Vilsack announces $15.7 million in conservation projects grants

By Agri-Pulse staff

© Copyright Agri-Pulse Communications, Inc.



WASHINGTON, Sept. 15, 2014 - On a visit today to a western Illinois farm, Secretary of Agriculture Tom Vilsack announced $15.7 million in new conservation projects through the Conservation Innovation Grant (CIG) program.

This year's CIG grants drew nearly 400 applicants, with funding going to 47 awardees.

Vilsack says the projects, which are to be awarded in 31 states and the District of Columbia, will help develop and demonstrate cutting edge ideas to accelerate innovation in conservation of natural resources.

Lets Talk Food

“These grants promote creativity and problem-solving efforts that benefit farmers and ranchers and protect our natural resources,” Vilsack said. “They're critical in sparking new ideas and techniques for conservation on America's private lands and improving the environment.”

The grants are funded through the Environmental Quality Incentives Program. Grantees must work with producers and forestland owners to develop and demonstrate the new technologies and approaches. At least 50 percent of the total cost of CIG projects must come from non-federal matching funds, including cash and in-kind contributions provided by the grant recipient.

At the Illinois corn and soybean farm owned by David and Tamara Erickson and their sons, Nicholas and Bradley, the Secretary saw soil conservation practices including “no till” and grassed waterways to reduce runoff. He viewed soil cores which demonstrate the benefits of efforts to improve soil health.

About half of the grants announced today support the agency's priority of getting more conservation on the ground by improving soil health in the U.S.

The Ericksons have a five-year Conservation Stewardship Program contract with USDA's Natural Resources Conservation Service (NRCS) and have also received technical assistance from NRCS.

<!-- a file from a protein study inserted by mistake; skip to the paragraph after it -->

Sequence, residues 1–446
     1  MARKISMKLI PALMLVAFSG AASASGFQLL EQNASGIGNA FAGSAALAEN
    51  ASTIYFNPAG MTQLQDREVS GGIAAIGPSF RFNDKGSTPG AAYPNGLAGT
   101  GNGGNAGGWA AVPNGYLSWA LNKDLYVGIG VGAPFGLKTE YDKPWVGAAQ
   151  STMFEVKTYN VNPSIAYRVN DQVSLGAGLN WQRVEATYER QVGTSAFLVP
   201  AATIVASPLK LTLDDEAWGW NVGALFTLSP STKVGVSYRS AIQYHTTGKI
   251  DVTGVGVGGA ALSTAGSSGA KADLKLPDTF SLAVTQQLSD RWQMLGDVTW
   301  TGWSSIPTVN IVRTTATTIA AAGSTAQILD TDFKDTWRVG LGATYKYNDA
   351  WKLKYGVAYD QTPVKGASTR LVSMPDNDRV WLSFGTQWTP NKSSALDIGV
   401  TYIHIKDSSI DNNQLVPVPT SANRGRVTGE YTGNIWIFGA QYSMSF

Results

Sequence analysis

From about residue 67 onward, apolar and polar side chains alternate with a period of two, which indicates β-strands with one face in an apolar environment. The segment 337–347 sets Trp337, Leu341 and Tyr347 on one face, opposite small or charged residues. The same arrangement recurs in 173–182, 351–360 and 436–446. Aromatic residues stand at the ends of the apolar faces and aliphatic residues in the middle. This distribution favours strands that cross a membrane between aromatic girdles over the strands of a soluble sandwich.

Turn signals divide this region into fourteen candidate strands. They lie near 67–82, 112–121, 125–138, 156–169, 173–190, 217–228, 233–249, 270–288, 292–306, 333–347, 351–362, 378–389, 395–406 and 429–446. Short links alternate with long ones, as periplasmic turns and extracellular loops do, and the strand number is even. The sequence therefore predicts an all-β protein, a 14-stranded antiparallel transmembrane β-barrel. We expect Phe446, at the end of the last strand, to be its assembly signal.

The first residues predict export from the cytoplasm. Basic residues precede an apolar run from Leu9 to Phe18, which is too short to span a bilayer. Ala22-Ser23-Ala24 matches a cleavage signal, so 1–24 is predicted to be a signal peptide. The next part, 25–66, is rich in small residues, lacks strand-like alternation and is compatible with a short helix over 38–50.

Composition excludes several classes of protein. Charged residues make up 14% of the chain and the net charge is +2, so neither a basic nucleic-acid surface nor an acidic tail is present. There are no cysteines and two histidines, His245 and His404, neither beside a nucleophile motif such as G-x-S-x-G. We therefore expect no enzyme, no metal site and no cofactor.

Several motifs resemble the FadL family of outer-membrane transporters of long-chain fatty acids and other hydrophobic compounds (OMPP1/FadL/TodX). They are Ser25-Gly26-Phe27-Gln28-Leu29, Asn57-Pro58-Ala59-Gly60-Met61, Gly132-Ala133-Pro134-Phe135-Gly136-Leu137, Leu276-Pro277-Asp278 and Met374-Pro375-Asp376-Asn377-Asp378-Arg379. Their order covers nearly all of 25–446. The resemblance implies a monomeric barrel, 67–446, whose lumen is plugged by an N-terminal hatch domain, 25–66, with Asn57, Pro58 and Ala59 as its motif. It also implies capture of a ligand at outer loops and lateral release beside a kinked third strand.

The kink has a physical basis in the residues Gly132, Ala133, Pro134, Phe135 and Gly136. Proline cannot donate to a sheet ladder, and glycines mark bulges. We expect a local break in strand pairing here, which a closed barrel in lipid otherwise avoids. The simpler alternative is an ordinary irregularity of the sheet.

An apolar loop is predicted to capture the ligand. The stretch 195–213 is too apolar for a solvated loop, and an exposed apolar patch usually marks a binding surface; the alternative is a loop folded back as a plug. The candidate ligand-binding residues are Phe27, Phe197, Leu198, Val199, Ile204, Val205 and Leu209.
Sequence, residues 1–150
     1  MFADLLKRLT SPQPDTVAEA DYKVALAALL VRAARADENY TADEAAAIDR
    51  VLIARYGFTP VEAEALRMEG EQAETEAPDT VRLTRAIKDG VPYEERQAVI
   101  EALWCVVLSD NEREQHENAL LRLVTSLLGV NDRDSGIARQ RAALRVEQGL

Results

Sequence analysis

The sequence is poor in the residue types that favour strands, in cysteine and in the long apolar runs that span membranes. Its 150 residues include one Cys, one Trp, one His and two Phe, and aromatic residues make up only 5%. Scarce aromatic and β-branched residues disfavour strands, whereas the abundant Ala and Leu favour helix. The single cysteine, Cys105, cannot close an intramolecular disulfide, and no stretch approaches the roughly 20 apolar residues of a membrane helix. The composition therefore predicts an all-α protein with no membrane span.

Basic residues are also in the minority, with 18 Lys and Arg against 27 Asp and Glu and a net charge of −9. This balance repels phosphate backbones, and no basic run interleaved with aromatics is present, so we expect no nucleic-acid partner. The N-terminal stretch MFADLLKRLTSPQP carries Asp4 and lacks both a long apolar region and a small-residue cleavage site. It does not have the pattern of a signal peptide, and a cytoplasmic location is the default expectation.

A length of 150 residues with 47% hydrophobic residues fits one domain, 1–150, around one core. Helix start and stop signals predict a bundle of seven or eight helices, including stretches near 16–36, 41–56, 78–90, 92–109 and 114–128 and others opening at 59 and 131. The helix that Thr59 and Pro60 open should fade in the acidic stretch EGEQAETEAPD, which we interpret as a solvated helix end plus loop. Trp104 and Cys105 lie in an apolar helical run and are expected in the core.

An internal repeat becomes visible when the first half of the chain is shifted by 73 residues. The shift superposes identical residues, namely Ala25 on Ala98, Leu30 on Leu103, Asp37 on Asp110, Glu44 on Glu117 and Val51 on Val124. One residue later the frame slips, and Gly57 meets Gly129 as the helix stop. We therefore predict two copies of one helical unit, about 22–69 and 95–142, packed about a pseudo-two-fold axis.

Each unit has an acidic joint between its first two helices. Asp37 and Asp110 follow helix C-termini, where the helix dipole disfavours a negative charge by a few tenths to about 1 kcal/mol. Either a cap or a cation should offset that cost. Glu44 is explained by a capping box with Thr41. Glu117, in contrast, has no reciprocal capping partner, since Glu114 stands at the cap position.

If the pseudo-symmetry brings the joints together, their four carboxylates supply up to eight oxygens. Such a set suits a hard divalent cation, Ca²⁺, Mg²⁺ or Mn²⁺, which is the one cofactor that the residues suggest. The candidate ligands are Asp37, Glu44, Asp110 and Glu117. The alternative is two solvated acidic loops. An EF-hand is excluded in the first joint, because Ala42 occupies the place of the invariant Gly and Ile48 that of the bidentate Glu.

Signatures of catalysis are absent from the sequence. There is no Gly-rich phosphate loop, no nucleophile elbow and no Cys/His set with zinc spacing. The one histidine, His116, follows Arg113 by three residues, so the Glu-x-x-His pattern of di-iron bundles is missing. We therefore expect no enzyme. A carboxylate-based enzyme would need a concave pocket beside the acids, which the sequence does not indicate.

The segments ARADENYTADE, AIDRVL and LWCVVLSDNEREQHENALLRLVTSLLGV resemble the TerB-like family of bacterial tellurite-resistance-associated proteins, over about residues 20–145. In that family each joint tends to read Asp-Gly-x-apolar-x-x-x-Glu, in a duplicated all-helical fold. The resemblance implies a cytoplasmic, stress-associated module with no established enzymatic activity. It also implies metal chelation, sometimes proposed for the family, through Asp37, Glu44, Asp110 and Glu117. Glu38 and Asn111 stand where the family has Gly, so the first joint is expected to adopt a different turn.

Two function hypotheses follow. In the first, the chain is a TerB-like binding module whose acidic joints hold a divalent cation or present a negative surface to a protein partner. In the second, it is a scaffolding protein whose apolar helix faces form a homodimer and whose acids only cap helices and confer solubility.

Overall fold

The National Corn Growers Association will receive almost $1 million to promote soil management practices aimed at improving productivity, profitability and environmental outcomes in seven states. The National Association of Conservation Districts will receive $750,000 to fund a project to significantly increase the number of farmed acres nationwide that are successfully managed for soil health.

 

Other organizations, tribes and academic institutions will also receive funding for conservation projects.

Among grant recipients are the following: The University of California will receive almost $229,000 for the second phase of a project to support using native bees to supplement crop pollination. Montana State University will receive $50,000 to study ways to improve sage grouse chick and brood survival.

The University of Missouri will receive almost $368,000 to work on an energy recovery system that field tests show could reduce energy consumption in poultry houses by 40-50 percent. Virginia Polytechnic Institute and State University will receive almost $382,000 to continue to develop procedures to improve soil health and increase the acreage being managed with conservation tillage practices.

In Arizona, the Navajo Nation will receive over $28,000 for mule deer conservation efforts, and the First Nations Development Institute will receive almost $69,000 to develop a conservation planning process, led by Navajo livestock producers on the Navajo Reservation.

A full list of recipients is available on the NRCS website. A new search tool is available on the website provides information about past CIG project awards. Additional information on the grant program is available on the USDA's Conservation Innovation Grants webpage.

Since 2004, the USDA has invested $200 million in 540 CIG grants. With the 50/50 non-federal match program, the awards over the past decade total $400 million.

Read about other USDA news as it happens. Sign up NOW for a four-week free trial Agri-Pulse subscription.

#30

For more news, go to www.agri-pulse.com.

 


Terms of Use | Privacy Policy
blog comments powered by Disqus
 Most Popular